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It's official: Olympians are getting a tax break on medals

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President Obama signed the legislation excluding medals and bonuses from taxes into law Friday. (AP Photo/Andrew Harnik)

U.S. Olympic and Paralympic medalists will avoid taxes on their medals and winnings, thanks to legislation that President Obama signed into law Friday.

Obama signed the bill, the "United States Appreciation for Olympians and Paralympics Act of 2016," without official comment.

The Olympics were held in August, but Congress acted quickly to pass the bill and ensure that the exclusion will be in place when the 2016 Olympic winners file their taxes, meaning that the won't have to pay taxes on the value of the medals or the bonuses they earned at the Rio de Janeiro games.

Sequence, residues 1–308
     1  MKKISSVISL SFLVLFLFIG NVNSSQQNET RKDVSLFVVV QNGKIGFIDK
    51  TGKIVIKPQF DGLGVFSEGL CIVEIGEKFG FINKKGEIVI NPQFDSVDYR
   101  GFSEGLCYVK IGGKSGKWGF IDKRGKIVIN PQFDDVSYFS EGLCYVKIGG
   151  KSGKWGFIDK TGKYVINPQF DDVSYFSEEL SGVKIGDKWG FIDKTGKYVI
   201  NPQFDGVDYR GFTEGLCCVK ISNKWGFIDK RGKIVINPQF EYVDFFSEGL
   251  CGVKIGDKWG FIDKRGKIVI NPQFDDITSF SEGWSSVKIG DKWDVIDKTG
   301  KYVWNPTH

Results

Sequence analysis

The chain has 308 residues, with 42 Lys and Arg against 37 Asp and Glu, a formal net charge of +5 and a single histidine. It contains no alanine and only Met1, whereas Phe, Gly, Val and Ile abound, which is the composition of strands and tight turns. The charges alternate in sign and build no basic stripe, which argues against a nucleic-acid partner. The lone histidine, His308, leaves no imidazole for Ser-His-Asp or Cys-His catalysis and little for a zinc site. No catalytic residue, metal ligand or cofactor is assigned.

The legislation, authored by Rep. Robert Dold, R-Ill., was broadly popular among members of Congress. It cleared the House with only one "no" vote: Rep. Jim Himes, D-Conn.

Nevertheless, tax experts sided with Himes. The exclusion of winnings from taxable income would likely not benefit amateurs, who are able to offset tax liabilities with deductions for training-related expenses, but it could help rich athletes.

Before the legislation passed the House, however, it was amended to take the break away from athletes who earn more than $1 million annually. That provision is aimed at Olympians such as basketball player Carmelo Anthony and swimmer Michael Phelps, who are already wealthy.